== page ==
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More higher rate taxpayers than ever expected by 2028

Leading up to this year’s Spring Budget, the media has often portrayed the Office for Budget Responsibility (OBR) as a powerful body that can constrain the tax-cutting options of the Chancellor ahead of the upcoming general election.

However, this is an over-simplification, as the OBR doesn’t set the fiscal rules, the Chancellor does – the OBR only calculates whether the Chancellor can meet his rules or not. Nor does the OBR set the assumptions underlying these rules.

For example, when estimating the government’s tax revenue from 2025 onwards, the OBR followed the Treasury’s assumptions that fuel duty cuts will be scrapped and fuel duty will rise with inflation, but nobody expects this to actually happen, as fuel duty rates haven’t risen since 2010.

Despite such limitations, the OBR has highlighted the impact of the lack of tax changes in the Chancellor’s plans, with new calculations showing that the status of ‘higher rate taxpayer’ is becoming increasingly common due to tax freezes.

The consequences of threshold freezes

Reports from the OBR have demonstrated the consequences of continuing to freeze the thresholds for Income Tax rates and the tax-free Personal Allowance until 2028, which is pushing more taxpayers over the higher rate threshold with inflation.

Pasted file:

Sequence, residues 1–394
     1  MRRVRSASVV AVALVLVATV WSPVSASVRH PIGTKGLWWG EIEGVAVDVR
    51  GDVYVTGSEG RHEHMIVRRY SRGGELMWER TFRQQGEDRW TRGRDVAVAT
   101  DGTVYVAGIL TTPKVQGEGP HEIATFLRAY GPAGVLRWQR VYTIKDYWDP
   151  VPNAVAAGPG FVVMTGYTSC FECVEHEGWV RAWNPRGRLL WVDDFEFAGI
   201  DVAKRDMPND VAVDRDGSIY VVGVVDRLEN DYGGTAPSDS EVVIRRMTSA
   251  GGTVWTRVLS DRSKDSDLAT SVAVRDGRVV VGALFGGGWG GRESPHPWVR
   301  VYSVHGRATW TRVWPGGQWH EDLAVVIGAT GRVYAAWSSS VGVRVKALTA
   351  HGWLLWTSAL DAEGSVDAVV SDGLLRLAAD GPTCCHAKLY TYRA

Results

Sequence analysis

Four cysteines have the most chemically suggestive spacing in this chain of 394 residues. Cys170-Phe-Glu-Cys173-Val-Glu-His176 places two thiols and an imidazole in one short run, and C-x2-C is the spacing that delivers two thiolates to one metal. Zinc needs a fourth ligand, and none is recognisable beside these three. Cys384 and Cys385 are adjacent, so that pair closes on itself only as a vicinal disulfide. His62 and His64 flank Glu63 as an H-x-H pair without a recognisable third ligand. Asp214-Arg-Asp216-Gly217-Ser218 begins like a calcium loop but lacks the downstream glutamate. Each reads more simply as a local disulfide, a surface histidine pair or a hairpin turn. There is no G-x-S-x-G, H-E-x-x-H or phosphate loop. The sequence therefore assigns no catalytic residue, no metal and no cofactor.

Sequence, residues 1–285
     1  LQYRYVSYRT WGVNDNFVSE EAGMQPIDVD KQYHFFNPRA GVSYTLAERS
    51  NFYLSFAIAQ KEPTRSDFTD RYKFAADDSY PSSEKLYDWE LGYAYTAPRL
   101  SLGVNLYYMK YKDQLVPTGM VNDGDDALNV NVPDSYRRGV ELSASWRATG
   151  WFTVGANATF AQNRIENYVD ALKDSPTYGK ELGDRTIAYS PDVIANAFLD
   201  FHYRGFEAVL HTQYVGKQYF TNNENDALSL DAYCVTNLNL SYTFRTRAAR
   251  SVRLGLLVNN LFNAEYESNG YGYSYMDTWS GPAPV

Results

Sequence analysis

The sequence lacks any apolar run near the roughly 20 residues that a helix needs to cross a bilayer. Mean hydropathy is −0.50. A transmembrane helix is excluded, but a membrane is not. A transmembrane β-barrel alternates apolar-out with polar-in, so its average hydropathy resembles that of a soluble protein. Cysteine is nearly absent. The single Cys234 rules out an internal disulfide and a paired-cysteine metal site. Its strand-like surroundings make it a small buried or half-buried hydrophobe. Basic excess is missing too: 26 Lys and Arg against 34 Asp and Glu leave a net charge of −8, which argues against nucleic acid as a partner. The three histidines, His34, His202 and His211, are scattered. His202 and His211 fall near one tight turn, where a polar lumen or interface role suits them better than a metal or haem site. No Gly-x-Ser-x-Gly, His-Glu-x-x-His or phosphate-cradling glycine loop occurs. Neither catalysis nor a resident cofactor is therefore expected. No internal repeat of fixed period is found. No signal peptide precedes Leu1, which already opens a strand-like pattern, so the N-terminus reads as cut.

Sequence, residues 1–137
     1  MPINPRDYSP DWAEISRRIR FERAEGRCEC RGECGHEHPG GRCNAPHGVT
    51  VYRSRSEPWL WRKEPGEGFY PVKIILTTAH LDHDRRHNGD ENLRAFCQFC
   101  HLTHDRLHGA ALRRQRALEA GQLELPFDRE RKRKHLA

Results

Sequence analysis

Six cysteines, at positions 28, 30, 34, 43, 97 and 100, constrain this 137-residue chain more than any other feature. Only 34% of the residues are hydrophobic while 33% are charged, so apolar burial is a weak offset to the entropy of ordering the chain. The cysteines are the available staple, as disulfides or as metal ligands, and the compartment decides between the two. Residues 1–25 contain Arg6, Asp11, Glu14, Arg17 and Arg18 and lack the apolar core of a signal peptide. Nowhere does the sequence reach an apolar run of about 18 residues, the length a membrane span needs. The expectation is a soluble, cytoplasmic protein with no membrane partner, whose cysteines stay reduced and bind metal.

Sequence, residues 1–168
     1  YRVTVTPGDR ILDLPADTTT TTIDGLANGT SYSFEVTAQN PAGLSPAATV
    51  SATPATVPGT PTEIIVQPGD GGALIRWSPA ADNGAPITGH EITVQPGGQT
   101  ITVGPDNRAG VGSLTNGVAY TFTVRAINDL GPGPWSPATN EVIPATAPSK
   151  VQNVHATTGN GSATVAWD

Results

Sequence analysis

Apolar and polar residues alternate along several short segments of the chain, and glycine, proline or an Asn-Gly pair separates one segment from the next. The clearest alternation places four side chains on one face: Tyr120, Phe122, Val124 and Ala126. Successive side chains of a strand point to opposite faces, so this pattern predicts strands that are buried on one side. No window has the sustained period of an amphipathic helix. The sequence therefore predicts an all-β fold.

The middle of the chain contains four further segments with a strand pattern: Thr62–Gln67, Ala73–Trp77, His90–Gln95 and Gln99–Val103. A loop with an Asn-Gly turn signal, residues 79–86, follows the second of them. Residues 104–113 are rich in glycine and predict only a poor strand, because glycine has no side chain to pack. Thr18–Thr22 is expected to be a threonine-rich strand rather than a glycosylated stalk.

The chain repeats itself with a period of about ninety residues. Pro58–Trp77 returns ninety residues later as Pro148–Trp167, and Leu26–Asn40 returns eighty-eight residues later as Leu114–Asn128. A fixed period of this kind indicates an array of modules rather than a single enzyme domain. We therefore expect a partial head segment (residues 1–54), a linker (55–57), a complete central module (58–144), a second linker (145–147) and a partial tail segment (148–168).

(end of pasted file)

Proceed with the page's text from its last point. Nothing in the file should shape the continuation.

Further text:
As shown in the graph below, the OBR estimates that by the 2028–2029 tax year, there will be 7.3 million taxpayers in the higher rate bracket. This is 2.7 million or 59% more than there would be if the higher rate threshold was tied to price indexes.

Higher rate taxpayer numbers

That’s not all, either – thanks to the lowering of the additional rate threshold in 2023, there will also be 0.6 million more taxpayers in the additional rate bracket.

While 1 in 5 taxpayers were previously estimated to move into the higher rate or additional rate bands by the current 2024–2025
tax year, the OBR now estimates that 2 in 9 taxpayers will be paying more than the basic rate of Income Tax by 2028–2029.

With these freezes generating too much tax revenue for the government to reverse them without drastically overhauling government policies, it’s not surprising that the Chancellor and Prime Minister are focusing on National Insurance cuts instead.

Tax planning for your tax band

As the new 2024–2025
tax year gets underway, it’s essential to make sure you know what to expect from your tax bill. You must check that you’re on the right tax code and look into the ways that changing tax bands could affect your tax reliefs.

Your income level and tax band can affect your entitlement to benefits like marriage allowance and childcare, not to mention tax-free savings, so the importance of effective personal tax management cannot be overstated.

If you need assistance with tax planning, you can always come to the team at gbac
for tailored guidance relating to income taxes, savings, pensions, and more.

Our accountants in Barnsley are just a phone call or email away – get in touch by calling 01226 298 298 or emailing info@gbac.co.uk.